I'm looking for a new elk rifle and I was thinking of a 300 RUM but I ran across this 358 UMT and I read that it's faster than a 300 win mag. and shoots flatter than a 7mm. does anybody know about this cal.
I did some looking and found this.
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» Shooting Illustrated
By Bryce Towsley
Unlike most of the American big game hunting public I have always been a fan of .35 caliber rifles. Physics is physics and big bullets simply hit harder. The downside, even in cartridges like the .35 Whelen, has been a trajectory that is too curved by today’s magnum-loving standards. But when Remington brought out the .300 Ultra Mag in 1999, I saw an opportunity. Even though they had plans for a family of cartridges based on the parent case, I knew it would be a long wait for a .35, so I built my own.
I decided to keep it simple and necked the .300 RUM case up to .358 with no other changes. It maintains the same body taper, the same 30-degree shoulder and the same datum line for headspacing. The only difference is a larger, slightly shorter neck and the resulting shorter shoulder. I called the new cartridge the .358 Ultra Mag Towsley (UMT).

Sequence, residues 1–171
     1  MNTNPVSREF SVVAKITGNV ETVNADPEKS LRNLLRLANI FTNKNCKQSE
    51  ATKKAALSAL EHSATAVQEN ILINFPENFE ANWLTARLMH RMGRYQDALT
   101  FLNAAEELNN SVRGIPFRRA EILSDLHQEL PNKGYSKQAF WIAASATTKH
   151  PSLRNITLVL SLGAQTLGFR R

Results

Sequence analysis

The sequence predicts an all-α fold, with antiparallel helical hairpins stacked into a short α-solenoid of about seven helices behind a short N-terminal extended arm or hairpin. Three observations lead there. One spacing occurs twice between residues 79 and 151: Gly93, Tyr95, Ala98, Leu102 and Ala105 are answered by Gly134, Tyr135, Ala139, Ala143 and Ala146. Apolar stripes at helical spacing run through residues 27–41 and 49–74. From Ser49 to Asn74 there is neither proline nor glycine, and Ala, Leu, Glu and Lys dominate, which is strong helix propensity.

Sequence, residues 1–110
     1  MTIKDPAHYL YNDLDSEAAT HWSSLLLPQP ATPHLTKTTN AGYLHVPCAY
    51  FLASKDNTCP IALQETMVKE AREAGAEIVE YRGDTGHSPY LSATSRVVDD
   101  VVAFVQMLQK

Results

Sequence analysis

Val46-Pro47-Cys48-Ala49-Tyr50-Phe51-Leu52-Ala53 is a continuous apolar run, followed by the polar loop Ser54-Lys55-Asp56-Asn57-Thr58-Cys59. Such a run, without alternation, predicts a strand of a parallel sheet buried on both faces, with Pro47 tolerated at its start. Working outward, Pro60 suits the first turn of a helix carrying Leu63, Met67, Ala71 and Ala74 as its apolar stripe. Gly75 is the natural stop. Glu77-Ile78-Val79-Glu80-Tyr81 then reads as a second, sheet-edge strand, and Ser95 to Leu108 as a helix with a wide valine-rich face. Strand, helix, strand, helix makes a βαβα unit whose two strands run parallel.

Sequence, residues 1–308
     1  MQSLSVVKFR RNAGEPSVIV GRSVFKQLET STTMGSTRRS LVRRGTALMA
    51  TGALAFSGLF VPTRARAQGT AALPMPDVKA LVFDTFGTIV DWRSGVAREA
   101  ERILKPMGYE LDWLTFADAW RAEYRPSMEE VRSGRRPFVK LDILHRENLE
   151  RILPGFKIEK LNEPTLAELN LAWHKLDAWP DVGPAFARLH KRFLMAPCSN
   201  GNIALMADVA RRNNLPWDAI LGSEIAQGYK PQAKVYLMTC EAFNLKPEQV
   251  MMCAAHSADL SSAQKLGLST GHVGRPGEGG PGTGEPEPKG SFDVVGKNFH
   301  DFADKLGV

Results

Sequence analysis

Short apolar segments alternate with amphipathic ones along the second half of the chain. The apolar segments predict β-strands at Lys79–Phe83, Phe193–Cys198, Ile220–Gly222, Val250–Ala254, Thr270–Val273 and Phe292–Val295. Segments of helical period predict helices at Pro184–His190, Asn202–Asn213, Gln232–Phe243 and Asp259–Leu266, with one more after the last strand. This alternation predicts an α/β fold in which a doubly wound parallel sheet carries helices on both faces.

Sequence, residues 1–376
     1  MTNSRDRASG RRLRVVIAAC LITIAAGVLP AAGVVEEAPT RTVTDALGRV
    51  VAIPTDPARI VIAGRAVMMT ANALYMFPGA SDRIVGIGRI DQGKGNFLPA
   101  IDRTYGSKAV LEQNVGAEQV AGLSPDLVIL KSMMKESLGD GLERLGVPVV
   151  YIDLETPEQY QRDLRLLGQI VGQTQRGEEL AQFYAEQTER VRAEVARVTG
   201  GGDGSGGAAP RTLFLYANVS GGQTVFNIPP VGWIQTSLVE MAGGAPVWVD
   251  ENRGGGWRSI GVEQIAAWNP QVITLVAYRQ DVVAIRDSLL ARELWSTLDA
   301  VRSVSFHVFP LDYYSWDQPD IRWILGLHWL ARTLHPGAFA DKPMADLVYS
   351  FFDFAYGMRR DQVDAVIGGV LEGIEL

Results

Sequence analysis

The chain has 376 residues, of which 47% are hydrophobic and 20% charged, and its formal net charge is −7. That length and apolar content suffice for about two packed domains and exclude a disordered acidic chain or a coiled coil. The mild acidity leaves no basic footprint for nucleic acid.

The .358 UMT shoots flatter than a 7mm Remington Magnum with a 160-grain bullet or a .300 Winchester with a 180-grain bullet. In the .358 UMT a Nosler Partition 225-grain bullet at 3,225 feet per second that’s zeroed for 200 yards is only 5.72 inches low at 300 yards. The .300 Win Mag with the same zero is 7.60 inches low at 300 yards and the 7mm Rem Mag drops 7.24 inches.
The .358 UMT with a 250-grain bullet produces 5,388 foot-pounds of muzzle energy. That is over 1,000 foot-pounds more muzzle energy than the .375 H&H 300-grain factory load. The .358 UMT has more energy than the .416 Remington 400-grain factory load at any range, including at the muzzle. At 100 yards it still has more energy than the .375 H&H has at the muzzle and at 200 yards it retains 3,676 ft-lbs, almost as much as the .338 Win Mag has at the muzzle.